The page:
This case provides an illuminating consideration of the scope of liability in this difficult area of law.
On 2 November 2006, the claimant’s daughter was one of the four teenage girls in the back of a car being driven by the defendant on the mountain road between Garnlydan and Llangydnidr. The defendant lost control of the car which left the road and crashed. All four girls were killed.
The fathers of the other three girls attended the claimant’s home at around 10pm concerned at their absence. They returned shortly afterwards with word of an accident. The four fathers went to the site of the accident where there was a police cordon about a mile from the scene. It was apparent that there was a serious accident, but no details were given.
Within a short time, all parents of the girls, as well as many other people, were milling around. Although the claimant could not see the accident scene itself, he had a vivid sight of the helicopter hovering over it with its lights beaming down, and of the lights thrown up by the emergency vehicles on the ground. The effect was accentuated by the sounds of the helicopter and of the other vehicles sirens.
The parents were then bluntly informed by a police officer that all four girls were dead. The resultant scene was hellish. The crowd reacted hysterically: there were screams and cries of anguish with the parents staggering around.
The claimant took his wife home before they attended the police station with the other parents. After a suggestion to the contrary it was confirmed that all four girls were dead. The atmosphere was so unbearable that the claimant and his wife returned home. They, with family members of the other dead girls, then attended the hospital mortuary. The claimant’s daughter was not identified by the claimant himself but by the claimant’s wife in a morgue very close by. The claimant’s wife did however relate to him vivid detail of the body’s appearance and smell. This all occurred in a highly-charged atmosphere of extreme and tangible distress, punctuated by wails and cries from other relatives.
it will be remembered that so called Hillsborough cases set down three requirements for a secondary victim to recover.
• A close tie of love and affection;
• A temporal and physical proximity to the incident; and
• Direct perception of the incident or its immediate aftermath.
To these can be added a fourth, namely that there must be a psychiatric injury arising from the traumatic perception itself, as opposed to grief due to the death.
The Judge identified two issues:
(a) Whether the claimant suffered psychiatric injury by the shock of what he witnessed rather than grief for loss of his daughter; and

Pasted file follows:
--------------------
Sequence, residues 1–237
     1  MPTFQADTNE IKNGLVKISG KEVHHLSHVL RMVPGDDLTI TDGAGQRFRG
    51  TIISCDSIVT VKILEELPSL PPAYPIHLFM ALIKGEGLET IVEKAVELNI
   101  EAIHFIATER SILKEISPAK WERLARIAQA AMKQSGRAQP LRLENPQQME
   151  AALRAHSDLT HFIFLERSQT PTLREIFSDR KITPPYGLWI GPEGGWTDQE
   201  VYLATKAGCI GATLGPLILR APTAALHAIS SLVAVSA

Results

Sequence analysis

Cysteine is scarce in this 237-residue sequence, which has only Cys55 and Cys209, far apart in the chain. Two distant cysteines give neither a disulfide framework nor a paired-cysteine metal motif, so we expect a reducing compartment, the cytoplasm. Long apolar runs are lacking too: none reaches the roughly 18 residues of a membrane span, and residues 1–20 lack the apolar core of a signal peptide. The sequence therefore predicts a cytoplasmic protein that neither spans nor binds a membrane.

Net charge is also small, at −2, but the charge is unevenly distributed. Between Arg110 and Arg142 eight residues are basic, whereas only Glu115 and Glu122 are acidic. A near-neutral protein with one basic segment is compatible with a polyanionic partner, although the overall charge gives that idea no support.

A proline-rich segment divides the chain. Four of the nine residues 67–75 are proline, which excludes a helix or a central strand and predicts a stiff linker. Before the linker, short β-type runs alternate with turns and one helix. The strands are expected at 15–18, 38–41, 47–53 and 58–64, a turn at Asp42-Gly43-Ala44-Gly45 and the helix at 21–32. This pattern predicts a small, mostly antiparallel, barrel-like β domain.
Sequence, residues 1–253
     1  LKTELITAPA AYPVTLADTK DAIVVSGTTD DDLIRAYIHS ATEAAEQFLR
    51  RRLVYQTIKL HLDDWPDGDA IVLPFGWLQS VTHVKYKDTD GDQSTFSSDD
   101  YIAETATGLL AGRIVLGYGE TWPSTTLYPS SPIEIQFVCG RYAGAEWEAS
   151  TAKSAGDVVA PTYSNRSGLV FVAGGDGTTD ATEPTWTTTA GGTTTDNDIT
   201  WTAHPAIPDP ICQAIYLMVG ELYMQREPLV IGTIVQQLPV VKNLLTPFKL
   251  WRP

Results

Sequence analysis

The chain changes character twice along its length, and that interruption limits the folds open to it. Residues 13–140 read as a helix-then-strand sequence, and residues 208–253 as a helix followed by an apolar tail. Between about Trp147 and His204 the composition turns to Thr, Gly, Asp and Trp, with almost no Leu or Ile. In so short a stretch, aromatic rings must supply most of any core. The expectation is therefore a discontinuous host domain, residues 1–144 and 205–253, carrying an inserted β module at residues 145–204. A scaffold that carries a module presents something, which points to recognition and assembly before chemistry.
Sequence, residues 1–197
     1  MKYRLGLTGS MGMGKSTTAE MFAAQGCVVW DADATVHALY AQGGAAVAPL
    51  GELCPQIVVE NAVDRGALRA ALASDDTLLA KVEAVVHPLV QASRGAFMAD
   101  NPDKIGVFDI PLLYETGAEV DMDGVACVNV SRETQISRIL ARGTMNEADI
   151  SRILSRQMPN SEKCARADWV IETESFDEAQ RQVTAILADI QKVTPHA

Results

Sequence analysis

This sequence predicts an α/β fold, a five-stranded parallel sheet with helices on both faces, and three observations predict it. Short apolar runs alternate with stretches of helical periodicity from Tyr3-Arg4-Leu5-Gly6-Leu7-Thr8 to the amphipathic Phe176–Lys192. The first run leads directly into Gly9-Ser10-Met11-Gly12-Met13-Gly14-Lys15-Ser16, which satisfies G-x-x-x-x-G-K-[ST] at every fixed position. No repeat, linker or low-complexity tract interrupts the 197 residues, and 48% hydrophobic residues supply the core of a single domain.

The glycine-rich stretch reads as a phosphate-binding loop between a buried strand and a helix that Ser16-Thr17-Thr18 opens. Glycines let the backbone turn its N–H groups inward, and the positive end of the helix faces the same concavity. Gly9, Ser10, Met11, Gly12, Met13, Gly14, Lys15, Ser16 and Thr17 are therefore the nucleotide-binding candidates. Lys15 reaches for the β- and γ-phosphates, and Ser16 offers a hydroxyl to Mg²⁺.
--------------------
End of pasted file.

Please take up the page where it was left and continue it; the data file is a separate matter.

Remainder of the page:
(b) Whether his sight, hearing or proximity to the events in the immediate aftermath brought him within the limits of recovery.
Issue (a) was one of pure fact, heavily dependent upon the medical evidence. The judge preferred the claimant’s psychiatrist’s diagnosis of PTSD over the defendants’ psychiatrists diagnose of deep grief.
Issue (b) was one of mixed fact and law. Its determination entailed a detailed consideration of the authority, beginning with McLoughlin V O’Brien . In that case the claimant learned at hospital, one to two hours after a road traffic accident, that her youngest daughter had been killed, while simultaneously seeing her husband and other children distraught and badly injured. The House of Lords, allowing her claim, emphasised that it would be impractical and unjust to insist on direct and immediate perception of the actual accident itself, recognising that the ‘accident’ can consist of a serious event.
The next case considered was another Hillsborough case where the brother of a victim identified the body at the morgue eight hours after the disaster, His claim failed on the basis that even if the identification could be described as part of the ‘aftermath’, it was not part of the ‘immediate aftermath’. The House of Lords did, however, emphasise the case specific nature of these issues.
The judge held that liability was established here for the following reasons:
• The extreme nature of the facts four teenage girls having been killed and all their parent together manifesting mutually resounding distress at the scene, at the police station and in the mortuary.
• The scene from the police cordon was exceptionally harrowing and became even worse when word of the girls’ death was bluntly imparted.
• Although the attendance at the mortuary was nine hours later, the claimant’s involvement and trauma had been unrelenting from when he reached the police cordon. The brief infusion of hope when it was suggested the claimant’s daughter might have survived, swiftly discharged, was an aggravating factor. The sequence could not be dissected into different parts.
• The qualitative distinction between direct and reported perception of the body was insufficient to break this sequence.
Judgment was entered for the claimant for damages assessed at £25,000.
Secondary victim cases remain difficult and fact sensitive. While this case ultimately turned on its own facts, several important points can be extracted.
Firstly, that these cases turn on their own facts is, in itself, an important principle. Comparisons with other decided cases, while valid, only go so far.
Secondly, as the definition of ‘immediate aftermath’ is significantly more elastic than might have been thought from the earlier cases. This case perhaps represents a slight further extension as the perception of the deceased’s body was purely a second-hand one.
Finally, this judgment explicitly confirms what many would have inferred: the more horrific the facts, the more likely the claim to succeed.
If you have suffered a psychological injury and need further advice please call Richard Meggitt, solicitor on 0114 2678780 or email [email protected]